ST. LOUIS (AP) Three months ago, most St. Louis Blues fans were ready to run goalie Jake Allen out of town. Now they are chanting his name.
Allen is the main reason the Blues, whose major January swoon got their coach fired, are one win away from sweeping the Minnesota Wild in the first round of the NHL playoffs. Game 4 is Wednesday night.
Allen has stopped 114 of 117 shots in the series for a .974 save percentage. Only one of the three goals he’s given up has come at even strength against a team that averaged 3.21 goals a game, second best in the NHL regular season.
“I’m just playing my game,” Allen said. “I don’t know what’s going on over there but we’re just focused on ourselves and we’re not worrying about what they’re doing or what they’re changing or doing to their lineup.”
Allen’s playoff performance is a far cry from a dreadful span from Dec. 8 to Jan. 31, when he was 4-10-0 with a 3.50 goals-against average and a .876 save percentage. Allen was so bad that he was left home from a January road trip so he could mentally regroup. On Feb. 1, the Blues fired coach Ken Hitchcock and goalie coach Jim Corsi. Mike Yeo replaced Hitchcock and Martin Brodeur took over Corsi’s role.
Allen took off. The 26-year-old has a 1.85 GAA and a .938 save percentage since Yeo took over.
Read more: A remarkable turnaround for Allen
Blues forward David Perron said Allen never got rattled during his struggles.
“During the season if he was getting pulled or whatever he showed up the next day and did the work and I think we’re really proud of him the way he’s playing right now, but at the same time you could have swore he played the exact same way the whole year,” Perron said. “He’s pretty level headed and we definitely need that.”
Yeo said Brodeur’s influence is seen in Allen’s mental preparation.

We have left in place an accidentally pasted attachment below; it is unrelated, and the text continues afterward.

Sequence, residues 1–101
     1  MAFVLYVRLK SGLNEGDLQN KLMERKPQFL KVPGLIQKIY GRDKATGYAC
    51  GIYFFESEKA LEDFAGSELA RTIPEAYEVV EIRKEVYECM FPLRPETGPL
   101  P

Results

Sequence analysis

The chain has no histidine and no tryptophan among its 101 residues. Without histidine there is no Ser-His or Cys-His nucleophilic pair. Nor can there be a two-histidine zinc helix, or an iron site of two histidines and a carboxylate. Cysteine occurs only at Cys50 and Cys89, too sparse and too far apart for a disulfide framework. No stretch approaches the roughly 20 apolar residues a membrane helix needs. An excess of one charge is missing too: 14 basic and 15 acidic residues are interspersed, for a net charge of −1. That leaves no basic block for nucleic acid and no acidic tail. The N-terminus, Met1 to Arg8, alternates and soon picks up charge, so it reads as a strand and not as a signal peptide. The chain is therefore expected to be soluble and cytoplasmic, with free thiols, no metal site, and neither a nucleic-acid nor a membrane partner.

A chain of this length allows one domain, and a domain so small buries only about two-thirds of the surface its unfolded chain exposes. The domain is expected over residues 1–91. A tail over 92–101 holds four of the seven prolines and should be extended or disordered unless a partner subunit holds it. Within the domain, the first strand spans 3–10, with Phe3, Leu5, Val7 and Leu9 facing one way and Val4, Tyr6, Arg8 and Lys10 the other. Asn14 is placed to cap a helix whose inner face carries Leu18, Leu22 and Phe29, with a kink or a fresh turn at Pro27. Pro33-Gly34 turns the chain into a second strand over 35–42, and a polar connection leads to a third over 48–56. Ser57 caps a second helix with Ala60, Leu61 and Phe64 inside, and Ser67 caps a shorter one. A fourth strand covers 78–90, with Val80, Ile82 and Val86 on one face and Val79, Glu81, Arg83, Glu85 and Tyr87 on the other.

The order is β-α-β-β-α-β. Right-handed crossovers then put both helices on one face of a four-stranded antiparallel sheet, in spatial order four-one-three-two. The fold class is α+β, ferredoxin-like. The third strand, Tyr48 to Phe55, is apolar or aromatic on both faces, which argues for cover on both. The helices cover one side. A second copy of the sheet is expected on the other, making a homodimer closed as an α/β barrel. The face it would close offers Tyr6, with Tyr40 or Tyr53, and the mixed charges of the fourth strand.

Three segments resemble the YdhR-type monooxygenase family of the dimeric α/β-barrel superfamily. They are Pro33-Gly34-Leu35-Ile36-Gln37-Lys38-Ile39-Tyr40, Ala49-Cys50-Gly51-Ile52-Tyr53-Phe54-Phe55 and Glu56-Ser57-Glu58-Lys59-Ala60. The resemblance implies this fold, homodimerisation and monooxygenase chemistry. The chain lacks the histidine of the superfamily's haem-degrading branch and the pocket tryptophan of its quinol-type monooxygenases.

“One of the biggest areas is how he handles the days in between, what he can draw upon from his own experience as arguably the best goaltender of all time,” Yeo said. “How do you play at that level all the time? Obviously you learn very quickly to put the past behind you, you learn from it whatever, but you find a way to get focused, feel good, and confident going into the next one and I think that’s what we’re seeing with Marty.”
Nothing has come easy for Allen since the Blues drafted him in the second round of the 2008 NHL entry draft.
He split time with Brian Elliott his first two full NHL seasons. Allen’s first prolonged playoff experience ended with him getting pulled in Game 6 of a first-round series in 2015 against the Wild. He started all six games of that series, which Minnesota won, going 2-4 with a .904 save percentage.
Still, the Blues had enough confidence in Allen’s pedigree – he had won a gold and silver medal for Team Canada as a junior player – to trade fan-favorite Elliott to Calgary in the offseason.
That decision is finally paying dividends.
“I think maybe subconsciously he’s been so good for us it kind of gives you a sense of calm back there,” Blues captain Alex Pietrangelo said. “Knowing you have a guy back there that if you make a mistake he’s going to be able to bail you out.”
Allen has left an impression with the Wild.
“He’s obviously playing extremely well and he’s sharp . … All you can do is keep driving to the net, get bodies to the net, get pucks to the net,” Wild goalie Devan Dubnyk said. “That’s what you have to do and see if you can get a couple in there and change the momentum.”
Even with a commanding lead in the series, Allen isn’t taking anything for granted.
“The next game is going to be even harder so we’re going to have to take the next two days to rest up and be ready for the hardest game yet,” Allen said.